“One of the biggest differences is how information is so easy to find with the new technology. This creates travelers that know more of what a destination can offer and have a more clear idea of what they want from their trip. Also, some visitors will reduce buying certain products, like a city tour, because they could get a lot of the information that a guide could provide through their mobile devices.”

imageMaria Elena Price, Co-Owner of ExperiencePlus! Bicycle Tours

“I believe the next generation of travelers will be a combination of people who want to be informed and don’t like the idea of ‘mass travel’ and who likely travel quite a bit. Since they started to travel rather early I think they will know what they are looking for, and that includes more ‘real’ local experiences and some will realize that although they can do this on their own, they will know it takes work. This means that companies who organize trips will have to make sure that the experiences they deliver are genuine and unique. There is also an element of ‘customization’ that the newer generations will look for – this is partially due to the greater amount of choice they have available because they can research and learn about so much on their own via the internet. This customization can be difficult for companies though as it is much less cost effective. So although there will be a place for organized travel, there will be less of a place I believe for mass group travel that doesn’t involve some of the personalization these new travelers look for.”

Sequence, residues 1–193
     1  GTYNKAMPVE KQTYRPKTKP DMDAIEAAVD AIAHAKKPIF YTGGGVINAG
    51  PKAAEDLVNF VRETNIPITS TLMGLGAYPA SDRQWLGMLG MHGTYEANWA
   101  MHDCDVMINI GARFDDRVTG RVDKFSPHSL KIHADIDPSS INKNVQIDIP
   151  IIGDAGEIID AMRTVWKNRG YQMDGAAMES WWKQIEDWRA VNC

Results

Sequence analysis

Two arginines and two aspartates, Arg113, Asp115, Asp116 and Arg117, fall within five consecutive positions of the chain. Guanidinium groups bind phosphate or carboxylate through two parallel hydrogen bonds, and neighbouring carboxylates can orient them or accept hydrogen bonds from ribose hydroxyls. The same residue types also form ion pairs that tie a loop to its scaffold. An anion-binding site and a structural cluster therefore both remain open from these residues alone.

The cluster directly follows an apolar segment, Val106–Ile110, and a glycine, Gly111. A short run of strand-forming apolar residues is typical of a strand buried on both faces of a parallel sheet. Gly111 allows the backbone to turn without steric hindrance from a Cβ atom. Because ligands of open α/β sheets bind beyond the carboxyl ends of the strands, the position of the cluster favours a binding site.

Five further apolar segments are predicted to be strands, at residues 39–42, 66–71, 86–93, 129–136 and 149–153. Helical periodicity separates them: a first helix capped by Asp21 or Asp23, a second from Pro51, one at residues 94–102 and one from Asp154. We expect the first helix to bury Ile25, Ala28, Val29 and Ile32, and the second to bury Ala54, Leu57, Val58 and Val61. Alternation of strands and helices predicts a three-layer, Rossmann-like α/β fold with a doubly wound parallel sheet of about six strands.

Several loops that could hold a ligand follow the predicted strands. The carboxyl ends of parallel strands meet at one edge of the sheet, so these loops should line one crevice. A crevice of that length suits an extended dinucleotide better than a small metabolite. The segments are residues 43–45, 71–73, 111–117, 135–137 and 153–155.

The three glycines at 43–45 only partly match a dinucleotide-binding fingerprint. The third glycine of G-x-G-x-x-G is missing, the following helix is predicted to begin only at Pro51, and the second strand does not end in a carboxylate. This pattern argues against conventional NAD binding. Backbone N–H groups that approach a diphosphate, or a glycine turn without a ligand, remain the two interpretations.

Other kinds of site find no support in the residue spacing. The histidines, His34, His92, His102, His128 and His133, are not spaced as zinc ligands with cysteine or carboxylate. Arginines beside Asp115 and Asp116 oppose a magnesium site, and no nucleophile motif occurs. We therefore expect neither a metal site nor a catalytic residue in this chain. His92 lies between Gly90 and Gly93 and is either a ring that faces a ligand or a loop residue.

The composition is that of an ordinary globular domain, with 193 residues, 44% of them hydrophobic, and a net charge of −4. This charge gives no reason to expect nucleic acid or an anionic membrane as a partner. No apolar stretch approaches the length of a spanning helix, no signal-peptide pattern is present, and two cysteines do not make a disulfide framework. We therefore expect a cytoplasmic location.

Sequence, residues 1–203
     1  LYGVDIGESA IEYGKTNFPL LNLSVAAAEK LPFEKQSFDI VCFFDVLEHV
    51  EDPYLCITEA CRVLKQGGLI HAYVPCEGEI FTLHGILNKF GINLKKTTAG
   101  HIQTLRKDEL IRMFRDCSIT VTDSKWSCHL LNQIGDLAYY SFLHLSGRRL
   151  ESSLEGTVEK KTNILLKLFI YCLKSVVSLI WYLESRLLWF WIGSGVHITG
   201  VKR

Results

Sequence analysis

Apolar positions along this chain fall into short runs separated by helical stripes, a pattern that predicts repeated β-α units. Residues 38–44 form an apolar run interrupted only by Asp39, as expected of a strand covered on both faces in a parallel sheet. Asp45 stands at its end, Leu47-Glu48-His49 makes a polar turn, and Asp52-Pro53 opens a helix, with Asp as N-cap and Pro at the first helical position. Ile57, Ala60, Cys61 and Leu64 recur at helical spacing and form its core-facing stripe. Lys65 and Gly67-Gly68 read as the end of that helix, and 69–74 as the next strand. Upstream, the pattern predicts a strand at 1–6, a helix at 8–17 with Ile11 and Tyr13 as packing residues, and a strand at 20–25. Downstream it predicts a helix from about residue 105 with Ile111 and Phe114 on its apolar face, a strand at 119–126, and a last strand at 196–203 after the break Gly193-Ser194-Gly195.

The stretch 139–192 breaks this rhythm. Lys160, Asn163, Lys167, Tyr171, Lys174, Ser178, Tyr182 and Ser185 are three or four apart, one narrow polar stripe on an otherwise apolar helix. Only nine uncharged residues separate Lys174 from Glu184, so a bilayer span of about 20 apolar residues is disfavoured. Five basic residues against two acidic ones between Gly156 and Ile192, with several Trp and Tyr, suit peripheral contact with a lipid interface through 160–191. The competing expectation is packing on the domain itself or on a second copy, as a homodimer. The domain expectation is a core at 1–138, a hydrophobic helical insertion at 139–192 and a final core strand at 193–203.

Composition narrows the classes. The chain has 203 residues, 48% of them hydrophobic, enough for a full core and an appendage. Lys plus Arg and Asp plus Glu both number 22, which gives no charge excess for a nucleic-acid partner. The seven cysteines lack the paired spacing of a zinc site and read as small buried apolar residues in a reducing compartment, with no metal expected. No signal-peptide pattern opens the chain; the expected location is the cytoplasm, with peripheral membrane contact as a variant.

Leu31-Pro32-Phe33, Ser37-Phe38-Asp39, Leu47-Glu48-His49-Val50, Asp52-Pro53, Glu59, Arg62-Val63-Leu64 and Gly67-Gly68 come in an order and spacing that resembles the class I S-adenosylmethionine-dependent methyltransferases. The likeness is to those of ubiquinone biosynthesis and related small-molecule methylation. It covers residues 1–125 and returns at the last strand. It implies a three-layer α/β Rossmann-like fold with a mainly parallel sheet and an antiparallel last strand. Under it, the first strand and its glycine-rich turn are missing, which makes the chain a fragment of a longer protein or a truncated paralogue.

imageJimena Barrera, AMERICAS Division Manager of Condor Travel

“Being part of the “next generation” of travelers I definitely agree that we decide on our own schedules. Group travelling will need more off-the-beaten paths programs, interest based optionals, and tons of flexibility! Our business sees more smaller groups and programs that are customized to fit what the traveler wants to ultimately get from their trip!”

imageAndy Levine, President & Founder of DuVine Cycling + Adventure Co.

“Health and fitness, imagination. Less food, more exercise, connected with technology. Shorter more intense trips.”

 

imageDan Austin, Director of Austin-Lehman Adventures

“With all due respect, these are pretty general and high level (40,000 ft.) statements. Since there is no real ‘set’ protocol for what is Adventure Travel, the product and how it is offered and booked can range drastically. From what we can see the Adventure Traveler today seems to want more authentic experiences. They want to understand the impact of their travels and engage with the ‘locals.’ Seems to be more separation now between Adventure Travel and Active Travel… these two products are seeing different end users with different goals and needs.”